Keeping a lookout - Soundings Online

Keeping A Lookout

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It had been a long, difficult trip from Spain, and the crew were restless to get ashore after eight days at sea. This passage was in the days before GPS and modern electronics.

Rona’s electronics consisted of ancient CRT radar that consumed prodigious amounts of electricity — and thus was rarely used — and a rudimentary depth sounder that had a small LED that whirred around and gave only an approximation of how much water was actually below the keel. Other navigational requirements were satisfied with a chart, sextant, a set of tables and a hand bearing compass when close to shore.

We had two navigators on board, and one — whom I shall call Dave — liked to spend hours poring over the chart. The weather closed in as we sailed up the southwestern approaches toward Plymouth, England, our final destination. The fog was thick, and to add insult to injury the radar picked that very day to stop working. Dead reckoning was the order of the day, and Dave shouted up compass headings from below for the helmsman to steer.

And then, almost as if a veil had been lifted, we sailed out of the fog and into a beautiful, clear fall day. Ahead in the distance we could make out the Plymouth breakwater some 10 miles out. Unaware that the fog had cleared, Dave came on deck and looked through binoculars to starboard and stated that if his dead reckoning was correct we should soon see the Eddystone light — a granite behemoth 7 miles offshore and a sentinel for generations of seamen making landfall in Plymouth. He strained his eyes, searching the horizon for any sign of the light and exclaiming that it should come into view any moment. Unable to contain ourselves any longer, the crew collapsed in fits of laughter and encouraged Dave to look to port over the other rail, where the 160-foot light was barely a quarter-mile off.

I retell this story not only for amusement, but also to highlight an important facet of seamanship and navigation: Look where you are going and be aware of your surroundings at all times. These days, almost every boat has a chart plotter, and as great as these devices are, they should not be relied upon blindly. Situational awareness is critically important.

When I was studying for my master’s ticket, the instructors were very firm in their insistence that we should constantly scan the horizon for ships, the coastline or myriad other hazards. It’s very easy to become a slave to “button pushing,” as my instructors called it. GPS is a wonderful tool, but it is just that — a tool. Interviewing distance sailors at the end of the Atlantic Rally For Cruisers, they were practically unanimous in their praise for GPS, but several pointed out that there were novices who never would have attempted such a passage if they had to rely on more traditional methods. They were putting all their trust in the electronics.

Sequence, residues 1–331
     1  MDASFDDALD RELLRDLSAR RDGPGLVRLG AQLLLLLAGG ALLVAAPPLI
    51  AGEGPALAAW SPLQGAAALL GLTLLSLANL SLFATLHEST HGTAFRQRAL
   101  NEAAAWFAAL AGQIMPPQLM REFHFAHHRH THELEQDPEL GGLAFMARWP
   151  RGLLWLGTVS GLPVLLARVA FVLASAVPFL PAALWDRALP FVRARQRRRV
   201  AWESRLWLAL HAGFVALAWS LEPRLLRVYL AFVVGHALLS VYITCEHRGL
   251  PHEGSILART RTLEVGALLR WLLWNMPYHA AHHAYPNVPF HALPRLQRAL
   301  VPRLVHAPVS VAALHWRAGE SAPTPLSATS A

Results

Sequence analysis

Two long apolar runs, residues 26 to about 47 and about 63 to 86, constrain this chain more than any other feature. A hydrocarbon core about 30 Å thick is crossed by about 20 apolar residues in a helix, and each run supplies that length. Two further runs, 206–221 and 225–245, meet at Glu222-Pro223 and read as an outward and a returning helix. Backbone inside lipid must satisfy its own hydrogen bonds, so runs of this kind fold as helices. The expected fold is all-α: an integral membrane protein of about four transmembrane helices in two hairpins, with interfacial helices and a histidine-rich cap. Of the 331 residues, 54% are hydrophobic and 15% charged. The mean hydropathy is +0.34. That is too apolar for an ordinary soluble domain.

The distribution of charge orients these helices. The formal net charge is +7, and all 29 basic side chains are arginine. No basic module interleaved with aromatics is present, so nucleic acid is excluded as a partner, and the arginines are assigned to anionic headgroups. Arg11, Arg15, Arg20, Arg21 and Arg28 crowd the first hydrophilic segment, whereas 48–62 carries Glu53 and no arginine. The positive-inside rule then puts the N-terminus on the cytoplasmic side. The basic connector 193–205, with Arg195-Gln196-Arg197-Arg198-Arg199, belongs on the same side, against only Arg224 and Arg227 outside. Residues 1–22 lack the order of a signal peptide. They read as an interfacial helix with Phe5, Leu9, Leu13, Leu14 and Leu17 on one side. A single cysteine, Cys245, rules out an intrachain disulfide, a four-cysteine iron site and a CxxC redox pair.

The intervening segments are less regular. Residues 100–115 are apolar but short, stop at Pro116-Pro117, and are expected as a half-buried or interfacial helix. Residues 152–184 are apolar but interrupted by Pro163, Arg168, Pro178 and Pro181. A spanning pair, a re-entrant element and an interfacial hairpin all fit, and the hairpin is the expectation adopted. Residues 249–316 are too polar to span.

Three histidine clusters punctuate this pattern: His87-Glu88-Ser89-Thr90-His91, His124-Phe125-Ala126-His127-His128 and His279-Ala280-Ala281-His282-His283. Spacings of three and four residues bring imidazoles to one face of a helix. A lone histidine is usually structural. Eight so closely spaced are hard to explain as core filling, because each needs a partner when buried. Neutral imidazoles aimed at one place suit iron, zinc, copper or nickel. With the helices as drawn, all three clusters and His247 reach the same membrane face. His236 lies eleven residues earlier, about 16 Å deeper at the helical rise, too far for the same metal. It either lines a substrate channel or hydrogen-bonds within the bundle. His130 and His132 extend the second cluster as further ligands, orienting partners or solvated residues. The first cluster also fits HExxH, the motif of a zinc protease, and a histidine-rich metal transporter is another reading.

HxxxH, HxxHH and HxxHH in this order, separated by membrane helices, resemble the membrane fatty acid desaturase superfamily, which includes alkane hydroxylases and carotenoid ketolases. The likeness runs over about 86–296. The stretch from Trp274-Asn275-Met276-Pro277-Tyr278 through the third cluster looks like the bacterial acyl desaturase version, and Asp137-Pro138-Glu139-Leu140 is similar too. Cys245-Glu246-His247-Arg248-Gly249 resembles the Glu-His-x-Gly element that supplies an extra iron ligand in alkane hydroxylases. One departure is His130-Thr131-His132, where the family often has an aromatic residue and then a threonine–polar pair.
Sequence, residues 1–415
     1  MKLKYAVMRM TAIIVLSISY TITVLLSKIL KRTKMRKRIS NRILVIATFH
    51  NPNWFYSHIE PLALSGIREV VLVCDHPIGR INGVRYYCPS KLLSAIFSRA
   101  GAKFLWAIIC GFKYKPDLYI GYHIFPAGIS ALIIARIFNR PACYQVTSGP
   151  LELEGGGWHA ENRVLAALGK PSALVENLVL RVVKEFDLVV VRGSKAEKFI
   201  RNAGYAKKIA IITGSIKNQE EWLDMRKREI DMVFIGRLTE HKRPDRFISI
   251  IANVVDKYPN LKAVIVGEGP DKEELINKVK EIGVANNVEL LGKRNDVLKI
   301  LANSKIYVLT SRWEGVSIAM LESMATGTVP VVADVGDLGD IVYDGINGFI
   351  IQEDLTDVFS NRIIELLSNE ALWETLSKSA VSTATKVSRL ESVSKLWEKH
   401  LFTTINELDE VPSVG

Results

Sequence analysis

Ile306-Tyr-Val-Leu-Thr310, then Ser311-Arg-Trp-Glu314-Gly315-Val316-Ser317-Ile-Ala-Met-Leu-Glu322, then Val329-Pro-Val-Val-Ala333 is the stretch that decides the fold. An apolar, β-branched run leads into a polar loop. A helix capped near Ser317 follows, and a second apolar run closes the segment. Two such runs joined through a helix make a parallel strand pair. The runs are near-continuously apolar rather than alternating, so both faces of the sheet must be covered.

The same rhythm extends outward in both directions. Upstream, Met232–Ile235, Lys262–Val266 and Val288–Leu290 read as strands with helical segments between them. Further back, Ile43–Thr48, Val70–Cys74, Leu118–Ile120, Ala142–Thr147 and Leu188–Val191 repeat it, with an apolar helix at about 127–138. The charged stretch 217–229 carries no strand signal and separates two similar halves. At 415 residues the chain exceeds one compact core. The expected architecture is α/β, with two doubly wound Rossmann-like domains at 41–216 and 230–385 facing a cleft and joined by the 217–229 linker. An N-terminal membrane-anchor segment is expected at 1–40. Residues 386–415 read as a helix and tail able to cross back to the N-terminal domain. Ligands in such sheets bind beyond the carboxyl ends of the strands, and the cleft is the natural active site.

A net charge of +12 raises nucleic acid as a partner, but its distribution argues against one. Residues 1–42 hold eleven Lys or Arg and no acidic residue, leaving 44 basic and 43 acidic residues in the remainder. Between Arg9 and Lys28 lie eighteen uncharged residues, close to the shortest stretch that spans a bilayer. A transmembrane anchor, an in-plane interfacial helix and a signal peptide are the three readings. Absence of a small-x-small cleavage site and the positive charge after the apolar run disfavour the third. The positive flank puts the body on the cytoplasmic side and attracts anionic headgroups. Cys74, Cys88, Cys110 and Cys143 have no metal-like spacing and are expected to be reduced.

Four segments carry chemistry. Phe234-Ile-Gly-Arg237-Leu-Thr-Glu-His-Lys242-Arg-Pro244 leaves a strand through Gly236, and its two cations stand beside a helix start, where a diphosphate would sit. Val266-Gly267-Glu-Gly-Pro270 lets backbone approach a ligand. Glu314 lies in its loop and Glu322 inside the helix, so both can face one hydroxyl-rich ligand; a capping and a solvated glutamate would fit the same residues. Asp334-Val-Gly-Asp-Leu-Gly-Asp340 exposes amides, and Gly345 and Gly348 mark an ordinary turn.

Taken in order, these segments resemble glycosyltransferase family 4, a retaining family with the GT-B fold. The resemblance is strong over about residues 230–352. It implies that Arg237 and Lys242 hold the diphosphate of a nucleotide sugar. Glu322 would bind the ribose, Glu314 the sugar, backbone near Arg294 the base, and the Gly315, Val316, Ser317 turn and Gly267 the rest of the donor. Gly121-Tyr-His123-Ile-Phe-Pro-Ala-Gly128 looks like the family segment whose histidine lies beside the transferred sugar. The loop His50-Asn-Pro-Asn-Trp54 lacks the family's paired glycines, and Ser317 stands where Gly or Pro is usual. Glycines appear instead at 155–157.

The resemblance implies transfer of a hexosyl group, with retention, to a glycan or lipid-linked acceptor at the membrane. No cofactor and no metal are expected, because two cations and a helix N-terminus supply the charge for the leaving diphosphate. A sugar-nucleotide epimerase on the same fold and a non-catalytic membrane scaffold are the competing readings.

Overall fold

I still like to have a paper chart spread out on the table next to me at the helm — I think it makes passage planning easier, and marking a position in pencil every hour is a great backup, should the electronics fail. I also still keep a sextant on board and routinely take at least one sight each day when on a passage. If nothing else, it reaffirms my wonder at the world around me — picking out a star at night and reducing it to a dot on the chart gives me a sense of satisfaction denied to those that rely solely on electronics for position fixing.

GPS can give your position anywhere on the Earth’s surface with almost pinpoint accuracy, but remember that the charts a plotter uses are often electronic versions of paper charts that may have been drawn many years ago and might not be accurate.

Floodwaters and storms bring lots of debris into bays and estuaries. A waterlogged tree trunk might float just below the surface, and contact with one at even moderate speed can severely damage your boat. Watch where you are headed and glance behind you from time to time. Be aware of all that is around you, constantly on the lookout for other vessels, many of which may be much larger than you and unable to swiftly maneuver. Look where you are going — after all, much of the fun is in the journey, not the destination. With your head buried in a screen or hunched over the chart table like Dave, you’ll miss so much.

See related articles:

- Eyes in the back of your head

- Practice, practice, practice

- Think ahead

- Don't neglect your seacocks

November 2014 issue